Understanding the Meaning of depreciation
You don’t have to know how to calculate depreciation, but it will benefit you to know the meaning of depreciation and how it affects your small business.
This page explains how depreciation reduces your tax liability and why it is done this way.
the meaning of depreciation main facts
- Depreciation is a deductible business expense.
- It reduces the cost of fixed assets by percentages over several years.
- It decreases your profit.
- It lowers your tax payments.
- There are different methods.
- It has to be tracked in a schedule.
The meaning of why depreciation is used
Many businesses purchase high cost equipment which is:
- owned by the business and
- used in the business for more than 12 months – such as a vehicle or a high-end printer or a forklift
The purchase price of a fixed asset is not allowed as an immediate deductible business expense, unless it is under a certain cost (see next section Asset Value Limits).
This means you cannot immediately enter the full cost as an expense in your bookkeeping accounts to show on your Profit and Loss.
This is because an asset has a long-term benefit to a business, so rather than claiming the full expense immediately in the year it is purchased, the tax laws require the cost to be spread over the perceived life of the asset which could be from 2 years to 10 or more years.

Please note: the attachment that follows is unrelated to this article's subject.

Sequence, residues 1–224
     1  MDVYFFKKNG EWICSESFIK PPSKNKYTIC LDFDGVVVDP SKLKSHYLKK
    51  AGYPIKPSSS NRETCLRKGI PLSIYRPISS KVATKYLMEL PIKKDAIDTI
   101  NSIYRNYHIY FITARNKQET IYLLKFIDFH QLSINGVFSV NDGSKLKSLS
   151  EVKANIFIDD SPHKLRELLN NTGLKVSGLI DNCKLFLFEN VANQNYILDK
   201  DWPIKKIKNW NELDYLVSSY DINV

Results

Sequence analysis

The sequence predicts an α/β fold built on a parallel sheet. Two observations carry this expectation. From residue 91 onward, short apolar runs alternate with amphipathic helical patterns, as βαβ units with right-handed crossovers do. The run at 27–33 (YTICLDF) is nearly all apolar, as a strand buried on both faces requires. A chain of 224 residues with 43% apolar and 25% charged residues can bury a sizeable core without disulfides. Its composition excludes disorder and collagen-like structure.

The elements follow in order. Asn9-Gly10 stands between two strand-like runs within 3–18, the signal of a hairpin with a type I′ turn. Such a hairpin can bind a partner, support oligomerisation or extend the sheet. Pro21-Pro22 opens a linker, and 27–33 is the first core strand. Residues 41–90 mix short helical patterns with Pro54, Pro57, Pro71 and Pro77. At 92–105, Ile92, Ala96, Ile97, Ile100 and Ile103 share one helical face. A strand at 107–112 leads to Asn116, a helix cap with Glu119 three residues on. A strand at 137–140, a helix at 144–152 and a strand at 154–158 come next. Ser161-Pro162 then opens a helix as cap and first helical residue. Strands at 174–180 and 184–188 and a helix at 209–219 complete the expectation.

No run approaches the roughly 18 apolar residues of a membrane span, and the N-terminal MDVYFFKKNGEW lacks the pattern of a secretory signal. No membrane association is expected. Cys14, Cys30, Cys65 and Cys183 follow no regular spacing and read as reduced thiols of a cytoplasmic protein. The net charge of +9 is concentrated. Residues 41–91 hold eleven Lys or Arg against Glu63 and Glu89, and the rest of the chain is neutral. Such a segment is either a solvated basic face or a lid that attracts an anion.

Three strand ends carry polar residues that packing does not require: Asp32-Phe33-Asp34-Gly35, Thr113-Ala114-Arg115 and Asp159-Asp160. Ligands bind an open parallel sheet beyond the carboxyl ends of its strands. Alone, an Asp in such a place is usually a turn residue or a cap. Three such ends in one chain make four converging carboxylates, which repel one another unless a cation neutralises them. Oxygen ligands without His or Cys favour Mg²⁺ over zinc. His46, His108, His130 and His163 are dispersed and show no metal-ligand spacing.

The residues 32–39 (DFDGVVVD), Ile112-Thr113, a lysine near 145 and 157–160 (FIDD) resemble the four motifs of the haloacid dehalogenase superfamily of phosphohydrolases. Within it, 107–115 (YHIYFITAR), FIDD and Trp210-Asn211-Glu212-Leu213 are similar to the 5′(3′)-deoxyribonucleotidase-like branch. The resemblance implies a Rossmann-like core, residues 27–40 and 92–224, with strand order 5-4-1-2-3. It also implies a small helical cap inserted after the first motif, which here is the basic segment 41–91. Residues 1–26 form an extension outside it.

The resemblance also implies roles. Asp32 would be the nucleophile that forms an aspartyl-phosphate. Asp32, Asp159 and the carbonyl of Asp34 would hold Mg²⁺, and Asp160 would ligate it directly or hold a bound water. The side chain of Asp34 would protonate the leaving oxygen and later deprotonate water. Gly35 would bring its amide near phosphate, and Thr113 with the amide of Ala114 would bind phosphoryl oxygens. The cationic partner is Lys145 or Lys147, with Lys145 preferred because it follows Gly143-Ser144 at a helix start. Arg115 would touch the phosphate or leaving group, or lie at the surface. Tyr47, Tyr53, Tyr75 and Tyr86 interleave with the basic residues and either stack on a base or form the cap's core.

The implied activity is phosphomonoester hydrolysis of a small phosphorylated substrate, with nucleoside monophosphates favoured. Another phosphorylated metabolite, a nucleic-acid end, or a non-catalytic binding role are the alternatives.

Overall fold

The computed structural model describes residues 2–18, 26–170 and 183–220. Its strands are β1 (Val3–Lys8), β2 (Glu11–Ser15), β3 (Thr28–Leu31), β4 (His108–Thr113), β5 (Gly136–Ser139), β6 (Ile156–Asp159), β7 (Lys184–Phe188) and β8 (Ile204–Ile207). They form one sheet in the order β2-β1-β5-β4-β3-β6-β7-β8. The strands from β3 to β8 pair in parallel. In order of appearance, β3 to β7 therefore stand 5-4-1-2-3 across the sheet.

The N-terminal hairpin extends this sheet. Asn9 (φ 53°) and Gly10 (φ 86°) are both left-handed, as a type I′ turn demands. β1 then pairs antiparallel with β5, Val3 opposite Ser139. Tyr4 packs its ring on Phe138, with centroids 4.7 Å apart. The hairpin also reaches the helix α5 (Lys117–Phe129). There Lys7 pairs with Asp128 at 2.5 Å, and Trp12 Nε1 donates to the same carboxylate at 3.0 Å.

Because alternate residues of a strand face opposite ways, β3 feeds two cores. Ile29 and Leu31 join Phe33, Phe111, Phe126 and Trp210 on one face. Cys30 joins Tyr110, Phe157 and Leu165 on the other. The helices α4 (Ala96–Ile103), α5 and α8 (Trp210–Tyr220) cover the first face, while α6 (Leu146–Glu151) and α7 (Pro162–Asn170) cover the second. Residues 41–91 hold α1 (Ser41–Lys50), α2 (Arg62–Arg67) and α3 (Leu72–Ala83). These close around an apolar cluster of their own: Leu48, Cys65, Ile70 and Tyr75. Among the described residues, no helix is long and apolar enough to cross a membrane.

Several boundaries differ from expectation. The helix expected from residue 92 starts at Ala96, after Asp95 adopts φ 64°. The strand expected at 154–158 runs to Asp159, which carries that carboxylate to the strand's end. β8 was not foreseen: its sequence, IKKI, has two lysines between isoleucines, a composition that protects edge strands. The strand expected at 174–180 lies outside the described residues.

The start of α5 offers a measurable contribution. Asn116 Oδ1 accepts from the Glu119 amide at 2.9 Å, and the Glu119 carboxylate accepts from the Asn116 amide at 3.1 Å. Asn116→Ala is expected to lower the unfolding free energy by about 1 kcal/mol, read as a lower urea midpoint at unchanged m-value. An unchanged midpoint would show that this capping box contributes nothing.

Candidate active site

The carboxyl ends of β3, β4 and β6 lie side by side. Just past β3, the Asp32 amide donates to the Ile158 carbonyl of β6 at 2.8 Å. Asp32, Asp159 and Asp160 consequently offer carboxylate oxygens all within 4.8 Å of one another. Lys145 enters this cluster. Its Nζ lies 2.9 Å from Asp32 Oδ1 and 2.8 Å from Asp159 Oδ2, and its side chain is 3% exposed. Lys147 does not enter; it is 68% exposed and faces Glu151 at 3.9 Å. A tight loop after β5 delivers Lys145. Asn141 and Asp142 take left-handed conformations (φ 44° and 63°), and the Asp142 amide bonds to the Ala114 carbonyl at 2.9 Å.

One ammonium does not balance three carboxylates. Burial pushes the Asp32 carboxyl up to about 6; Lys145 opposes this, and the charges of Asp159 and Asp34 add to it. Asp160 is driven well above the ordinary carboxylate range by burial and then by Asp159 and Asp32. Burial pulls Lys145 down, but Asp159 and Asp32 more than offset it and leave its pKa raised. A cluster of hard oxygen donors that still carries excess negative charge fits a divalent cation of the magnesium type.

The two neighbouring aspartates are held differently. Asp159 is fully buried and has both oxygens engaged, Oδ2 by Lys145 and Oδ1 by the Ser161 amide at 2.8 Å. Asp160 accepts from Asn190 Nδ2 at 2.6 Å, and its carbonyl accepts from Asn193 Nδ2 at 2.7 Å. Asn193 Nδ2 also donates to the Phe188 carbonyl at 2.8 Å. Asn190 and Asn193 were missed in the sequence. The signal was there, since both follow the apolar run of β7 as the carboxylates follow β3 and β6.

An asset can potentially help a business bring in income over many years, therefore it makes sense for the cost of the asset to be spread over many years too, which aligns with the accounting principle of matching expenses to income within the same time frame as each other.
The value of the asset will decline with use and wear over the years and so depreciation aims to reflect that decline in the accounts via the reduction of the cost over the years too.
So instead of claiming this year the full purchase price of the asset by entering it as an expense, only a percentage of that price is entered as an expense (the depreciation) and this same percentage is used each year to reduce the cost until the asset is no longer of value.
If a business claims this year the full cost of an asset, which could be thousands of Dollars or Pounds or Euros (wherever you are from) it will have a huge impact on the current year’s profit, perhaps even showing a loss, which does not give a realistic picture of the day to day trading of the business – these large one-off purchases are not a regular operating expense.
When equipment is expensed it is entered on the Profit and Loss as an expense with its full value.
When equipment is capitalized it is entered on the Balance Sheet as an asset – then depreciated by annual portions of its full value.